Intimate and Authentic Economies: The American Self-Made Man from Douglass to Chaplin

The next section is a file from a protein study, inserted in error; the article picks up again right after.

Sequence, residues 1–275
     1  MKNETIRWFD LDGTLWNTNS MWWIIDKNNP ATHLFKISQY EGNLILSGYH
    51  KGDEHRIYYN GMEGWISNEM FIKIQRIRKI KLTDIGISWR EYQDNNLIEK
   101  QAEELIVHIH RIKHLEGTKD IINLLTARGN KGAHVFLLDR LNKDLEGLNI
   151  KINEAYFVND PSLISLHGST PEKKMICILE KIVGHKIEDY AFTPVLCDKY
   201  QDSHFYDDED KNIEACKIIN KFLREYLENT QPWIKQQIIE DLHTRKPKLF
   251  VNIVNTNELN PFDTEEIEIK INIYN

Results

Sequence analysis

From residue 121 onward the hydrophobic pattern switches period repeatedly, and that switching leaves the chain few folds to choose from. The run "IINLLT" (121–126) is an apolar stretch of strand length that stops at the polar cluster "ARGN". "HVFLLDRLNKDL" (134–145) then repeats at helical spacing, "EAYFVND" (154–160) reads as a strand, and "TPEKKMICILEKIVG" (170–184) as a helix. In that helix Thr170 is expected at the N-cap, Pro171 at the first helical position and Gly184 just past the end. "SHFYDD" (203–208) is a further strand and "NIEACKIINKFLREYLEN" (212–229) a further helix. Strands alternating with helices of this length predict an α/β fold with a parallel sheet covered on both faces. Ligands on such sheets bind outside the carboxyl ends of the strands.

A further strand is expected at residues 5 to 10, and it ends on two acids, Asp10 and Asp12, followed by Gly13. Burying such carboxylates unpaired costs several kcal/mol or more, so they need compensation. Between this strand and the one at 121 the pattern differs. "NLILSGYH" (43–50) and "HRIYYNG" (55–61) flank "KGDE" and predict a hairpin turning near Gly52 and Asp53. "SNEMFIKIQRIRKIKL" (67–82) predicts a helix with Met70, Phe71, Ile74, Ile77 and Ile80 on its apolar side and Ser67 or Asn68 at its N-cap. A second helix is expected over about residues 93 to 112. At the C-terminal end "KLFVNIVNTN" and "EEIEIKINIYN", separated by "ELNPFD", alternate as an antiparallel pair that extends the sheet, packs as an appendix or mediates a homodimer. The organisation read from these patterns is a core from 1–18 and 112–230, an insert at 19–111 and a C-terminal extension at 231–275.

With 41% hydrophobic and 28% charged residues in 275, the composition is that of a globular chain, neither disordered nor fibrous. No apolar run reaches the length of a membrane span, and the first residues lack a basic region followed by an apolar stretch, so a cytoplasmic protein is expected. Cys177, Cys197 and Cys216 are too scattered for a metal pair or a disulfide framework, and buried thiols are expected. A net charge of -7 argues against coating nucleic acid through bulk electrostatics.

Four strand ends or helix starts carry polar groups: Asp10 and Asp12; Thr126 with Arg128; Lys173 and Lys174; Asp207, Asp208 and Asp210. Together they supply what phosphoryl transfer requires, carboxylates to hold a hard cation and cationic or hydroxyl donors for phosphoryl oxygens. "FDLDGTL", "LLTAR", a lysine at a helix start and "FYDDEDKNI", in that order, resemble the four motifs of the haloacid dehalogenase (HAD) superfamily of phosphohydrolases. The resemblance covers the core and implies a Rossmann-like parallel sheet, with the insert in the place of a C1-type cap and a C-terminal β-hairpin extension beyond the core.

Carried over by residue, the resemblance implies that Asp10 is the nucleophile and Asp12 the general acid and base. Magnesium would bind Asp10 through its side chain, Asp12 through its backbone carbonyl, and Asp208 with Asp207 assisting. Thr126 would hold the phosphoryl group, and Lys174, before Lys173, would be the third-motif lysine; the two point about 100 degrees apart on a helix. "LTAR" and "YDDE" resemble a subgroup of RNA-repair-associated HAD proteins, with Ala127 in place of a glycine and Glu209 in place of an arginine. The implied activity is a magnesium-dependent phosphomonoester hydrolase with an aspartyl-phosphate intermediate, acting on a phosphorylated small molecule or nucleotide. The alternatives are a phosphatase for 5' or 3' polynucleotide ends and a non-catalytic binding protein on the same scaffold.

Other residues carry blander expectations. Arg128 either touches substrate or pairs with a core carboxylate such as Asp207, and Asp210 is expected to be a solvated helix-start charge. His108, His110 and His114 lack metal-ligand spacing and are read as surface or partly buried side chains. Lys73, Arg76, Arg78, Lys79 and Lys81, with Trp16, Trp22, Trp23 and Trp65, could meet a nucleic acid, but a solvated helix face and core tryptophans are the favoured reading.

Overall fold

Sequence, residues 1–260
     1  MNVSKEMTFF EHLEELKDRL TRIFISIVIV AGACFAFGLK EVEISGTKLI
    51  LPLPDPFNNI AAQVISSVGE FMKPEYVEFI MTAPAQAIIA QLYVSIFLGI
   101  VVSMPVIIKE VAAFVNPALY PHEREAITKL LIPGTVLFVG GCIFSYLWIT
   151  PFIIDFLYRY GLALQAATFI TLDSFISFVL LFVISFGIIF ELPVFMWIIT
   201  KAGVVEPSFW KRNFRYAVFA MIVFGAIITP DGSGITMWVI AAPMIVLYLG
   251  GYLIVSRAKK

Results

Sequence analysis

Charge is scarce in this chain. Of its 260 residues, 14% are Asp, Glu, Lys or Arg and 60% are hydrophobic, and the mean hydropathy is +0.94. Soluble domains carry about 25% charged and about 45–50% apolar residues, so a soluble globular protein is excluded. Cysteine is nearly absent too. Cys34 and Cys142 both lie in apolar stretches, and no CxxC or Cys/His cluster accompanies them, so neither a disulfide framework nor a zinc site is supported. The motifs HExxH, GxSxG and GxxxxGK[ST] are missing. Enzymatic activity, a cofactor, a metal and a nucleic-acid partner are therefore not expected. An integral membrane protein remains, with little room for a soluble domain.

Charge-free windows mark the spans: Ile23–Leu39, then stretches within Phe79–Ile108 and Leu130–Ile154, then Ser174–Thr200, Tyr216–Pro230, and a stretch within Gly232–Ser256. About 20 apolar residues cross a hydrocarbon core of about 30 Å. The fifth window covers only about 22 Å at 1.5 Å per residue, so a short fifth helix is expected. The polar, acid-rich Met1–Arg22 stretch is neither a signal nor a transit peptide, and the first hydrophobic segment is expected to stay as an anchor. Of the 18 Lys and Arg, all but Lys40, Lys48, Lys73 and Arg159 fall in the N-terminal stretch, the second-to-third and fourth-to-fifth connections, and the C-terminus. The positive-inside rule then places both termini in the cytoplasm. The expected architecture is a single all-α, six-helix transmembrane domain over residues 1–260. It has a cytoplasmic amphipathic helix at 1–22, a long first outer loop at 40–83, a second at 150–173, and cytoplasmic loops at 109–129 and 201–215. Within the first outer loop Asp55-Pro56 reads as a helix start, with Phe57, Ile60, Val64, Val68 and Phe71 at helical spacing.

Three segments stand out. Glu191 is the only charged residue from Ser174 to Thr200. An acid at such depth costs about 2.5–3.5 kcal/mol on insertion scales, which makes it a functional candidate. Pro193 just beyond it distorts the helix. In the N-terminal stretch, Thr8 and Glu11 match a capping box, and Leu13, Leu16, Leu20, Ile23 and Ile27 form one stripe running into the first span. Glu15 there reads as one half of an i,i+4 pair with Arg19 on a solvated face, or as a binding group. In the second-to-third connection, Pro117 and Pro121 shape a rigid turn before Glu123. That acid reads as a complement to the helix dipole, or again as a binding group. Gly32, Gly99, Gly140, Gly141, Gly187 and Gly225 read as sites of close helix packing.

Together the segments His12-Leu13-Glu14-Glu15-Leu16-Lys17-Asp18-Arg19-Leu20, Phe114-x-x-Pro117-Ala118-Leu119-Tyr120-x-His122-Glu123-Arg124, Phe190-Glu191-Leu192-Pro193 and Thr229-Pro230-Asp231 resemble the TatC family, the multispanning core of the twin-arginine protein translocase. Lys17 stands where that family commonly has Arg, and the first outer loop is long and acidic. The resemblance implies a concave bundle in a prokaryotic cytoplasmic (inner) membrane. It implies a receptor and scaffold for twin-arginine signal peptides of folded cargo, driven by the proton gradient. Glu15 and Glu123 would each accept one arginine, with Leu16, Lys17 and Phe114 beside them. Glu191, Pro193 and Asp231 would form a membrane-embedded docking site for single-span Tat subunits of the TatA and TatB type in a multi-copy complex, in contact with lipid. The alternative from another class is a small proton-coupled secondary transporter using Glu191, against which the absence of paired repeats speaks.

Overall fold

The story of the American self-made man carries a perennial interest in American literature and cultural studies. This book expands the study of such stories to include the writings of Frederick Douglass, Horatio Alger and James Weldon Johnson, and the work of silent comedians like Charlie Chaplin, Harold Lloyd and Buster Keaton. Thomas Nissley examines the number of texts, from Reconstruction-era autobiographies to the films of the 30s, to show the sustained market value of status and personal authenticity in the era of contract and free labour.


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